As bizarre as Cavallone’s shock film may be, when stripped of its most offensive details, it’s still a weird, trippy experimental work that repeatedly denies audiences conventional material but force-feeds the grotesque and the forbidden, making Blue Movie perhaps a precursor to more recent shock films such as Irreversible (2002) where rape and a reversed narrative structure mask the director’s otherwise deliberate intention to sicken audiences; and The Bunny Game (2010), which presents a debauched, masochistic relationship between kidnapper and his victim as a kind of cinema verite punk art. All three films have some legitimacy as art, but their agitative nature does question the fixation of the respective directors on having male characters utterly destroy heroines.

Perhaps the only act of defiance within Blue Movie is Silvia’s spontaneous vomiting in a courtyard (a scene that echoes a more graphic aborted sex / puking in Nikos Papatakis’ In Hell / Gloria Mundi), but it’s a scene designed to appall as much as Daniela smearing herself with her own feces for Claudio’s camera.

Blue Movie isn’t the work of a hack – there’s genuine skill in the film’s design, especially the editing, main titles, and two striking sequences involving a spotlit Daniela, and later a flaming photograph – but it’s a shock film, made as a dare, and a cinematic oddity which has outlived Cavallone’s other work. It also represents the ultimate point of no return, incinerating any chance at working within an established commercial system before diving into porn. The dilemma for the director’s supporters, though, is how to contextualize Blue Movie within his C.V. when it may not represent Cavallone at his best, either as agitator or fringe auteur.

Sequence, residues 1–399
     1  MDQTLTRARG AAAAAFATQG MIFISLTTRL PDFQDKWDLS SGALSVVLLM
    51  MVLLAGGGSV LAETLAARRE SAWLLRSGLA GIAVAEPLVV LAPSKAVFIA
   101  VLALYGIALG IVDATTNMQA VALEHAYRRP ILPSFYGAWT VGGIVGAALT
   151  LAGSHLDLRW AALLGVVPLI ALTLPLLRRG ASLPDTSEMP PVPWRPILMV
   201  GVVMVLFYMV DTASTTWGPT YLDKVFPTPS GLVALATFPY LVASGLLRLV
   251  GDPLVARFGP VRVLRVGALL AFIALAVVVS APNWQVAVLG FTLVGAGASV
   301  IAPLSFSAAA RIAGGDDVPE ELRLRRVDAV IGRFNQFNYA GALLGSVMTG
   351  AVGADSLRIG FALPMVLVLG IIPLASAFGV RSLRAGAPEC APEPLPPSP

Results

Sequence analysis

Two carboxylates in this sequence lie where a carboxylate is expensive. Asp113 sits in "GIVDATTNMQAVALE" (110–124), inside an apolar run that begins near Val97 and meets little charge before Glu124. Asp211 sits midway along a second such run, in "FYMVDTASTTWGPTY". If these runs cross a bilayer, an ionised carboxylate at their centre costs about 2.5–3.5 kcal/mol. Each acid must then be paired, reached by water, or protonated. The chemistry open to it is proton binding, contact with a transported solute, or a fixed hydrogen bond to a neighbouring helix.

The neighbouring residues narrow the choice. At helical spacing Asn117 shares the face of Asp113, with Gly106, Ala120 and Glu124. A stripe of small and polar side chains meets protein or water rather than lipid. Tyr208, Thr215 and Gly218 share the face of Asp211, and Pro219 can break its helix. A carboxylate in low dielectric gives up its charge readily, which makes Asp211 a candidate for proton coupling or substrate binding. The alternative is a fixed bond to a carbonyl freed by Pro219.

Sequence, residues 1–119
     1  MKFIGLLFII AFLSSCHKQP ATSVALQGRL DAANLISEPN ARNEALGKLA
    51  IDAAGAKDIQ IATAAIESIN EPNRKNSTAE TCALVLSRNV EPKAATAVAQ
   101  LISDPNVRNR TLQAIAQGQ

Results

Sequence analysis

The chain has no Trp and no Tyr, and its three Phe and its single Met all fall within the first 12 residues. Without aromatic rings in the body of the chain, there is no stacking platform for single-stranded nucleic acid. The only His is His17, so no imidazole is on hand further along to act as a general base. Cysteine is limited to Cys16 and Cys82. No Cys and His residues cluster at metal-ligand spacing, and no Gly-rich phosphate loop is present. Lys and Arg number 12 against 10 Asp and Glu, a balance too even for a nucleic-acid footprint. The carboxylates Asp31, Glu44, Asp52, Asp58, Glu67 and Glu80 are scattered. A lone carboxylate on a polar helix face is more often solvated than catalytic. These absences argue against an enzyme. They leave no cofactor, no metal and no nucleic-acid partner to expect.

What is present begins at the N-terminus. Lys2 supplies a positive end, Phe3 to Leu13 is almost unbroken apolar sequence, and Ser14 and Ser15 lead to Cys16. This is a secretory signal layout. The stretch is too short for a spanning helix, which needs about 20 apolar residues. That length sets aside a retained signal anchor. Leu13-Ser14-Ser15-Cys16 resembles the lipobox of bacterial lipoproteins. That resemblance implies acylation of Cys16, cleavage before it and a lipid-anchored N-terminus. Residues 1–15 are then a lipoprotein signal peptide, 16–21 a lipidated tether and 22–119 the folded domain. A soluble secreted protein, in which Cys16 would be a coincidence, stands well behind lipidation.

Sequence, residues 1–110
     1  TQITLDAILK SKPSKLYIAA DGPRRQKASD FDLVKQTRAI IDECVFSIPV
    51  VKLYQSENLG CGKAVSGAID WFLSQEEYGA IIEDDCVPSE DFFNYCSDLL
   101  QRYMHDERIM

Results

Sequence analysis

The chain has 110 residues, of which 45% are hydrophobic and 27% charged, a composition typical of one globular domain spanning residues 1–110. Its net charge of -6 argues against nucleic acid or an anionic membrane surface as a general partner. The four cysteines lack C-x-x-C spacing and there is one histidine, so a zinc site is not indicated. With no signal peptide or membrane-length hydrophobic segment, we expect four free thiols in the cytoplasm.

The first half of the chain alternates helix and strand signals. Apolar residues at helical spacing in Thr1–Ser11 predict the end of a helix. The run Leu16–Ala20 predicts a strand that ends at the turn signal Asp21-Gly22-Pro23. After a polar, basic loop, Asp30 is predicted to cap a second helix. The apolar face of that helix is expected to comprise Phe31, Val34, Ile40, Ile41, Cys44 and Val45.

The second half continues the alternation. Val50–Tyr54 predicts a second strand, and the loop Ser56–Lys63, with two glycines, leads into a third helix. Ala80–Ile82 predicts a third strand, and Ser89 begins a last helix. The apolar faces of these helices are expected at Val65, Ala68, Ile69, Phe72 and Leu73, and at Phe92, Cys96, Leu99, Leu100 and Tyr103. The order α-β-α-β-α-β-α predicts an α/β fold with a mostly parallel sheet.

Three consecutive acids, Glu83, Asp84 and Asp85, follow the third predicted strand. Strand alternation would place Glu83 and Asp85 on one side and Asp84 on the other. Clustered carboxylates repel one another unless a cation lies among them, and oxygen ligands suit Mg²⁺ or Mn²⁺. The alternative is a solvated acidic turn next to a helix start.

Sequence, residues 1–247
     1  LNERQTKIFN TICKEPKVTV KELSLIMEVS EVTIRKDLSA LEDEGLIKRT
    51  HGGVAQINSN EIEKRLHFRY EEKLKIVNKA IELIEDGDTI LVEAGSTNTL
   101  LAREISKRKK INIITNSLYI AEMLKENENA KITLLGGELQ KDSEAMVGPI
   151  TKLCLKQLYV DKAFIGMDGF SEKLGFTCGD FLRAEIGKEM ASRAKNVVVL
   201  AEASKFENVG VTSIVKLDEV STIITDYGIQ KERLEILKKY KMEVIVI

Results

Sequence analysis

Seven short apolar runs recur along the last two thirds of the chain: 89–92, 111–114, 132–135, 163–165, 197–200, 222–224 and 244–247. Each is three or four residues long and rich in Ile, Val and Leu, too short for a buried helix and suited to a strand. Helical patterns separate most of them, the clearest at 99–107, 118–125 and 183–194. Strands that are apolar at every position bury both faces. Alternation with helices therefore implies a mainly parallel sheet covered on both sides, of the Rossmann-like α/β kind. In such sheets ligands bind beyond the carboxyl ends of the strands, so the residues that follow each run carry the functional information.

Raro Video’s DVD includes a lengthy essay and a great 43 mins. doc by Nocturno Cinema featuring interviews with star Claude Maran (aka non-actor Claudio Marani, a former dubbing technician) and Cavallone’s longtime cinematographer Maurizio Centrini, both of whom discuss the making of the film, the locations, the actresses, and Cavallone the filmmaker. Director Pier Latino Guidotti is also on hand to explain Cavallone’s view of male-female relationships as states of shifting domination, if not teetering on war, and other former associates contribute their own memories of Cavallone.

If this DVD release of Blue Movie in North America is successful, perhaps Raro Video might follow up with some of Cavallone’s prior work, especially the films which established his name – La salamander (1969) and From Our Copenhagen’s Correspondent (1970).

Of his known 17 films, two are reportedly lost (including the mysterious Maldoror), two were never completed, and three were adult films. Cavallone died in 1997 at the age of 59.



© 2014 Mark R. Hasan



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Category: Blu-ray / DVD Film Review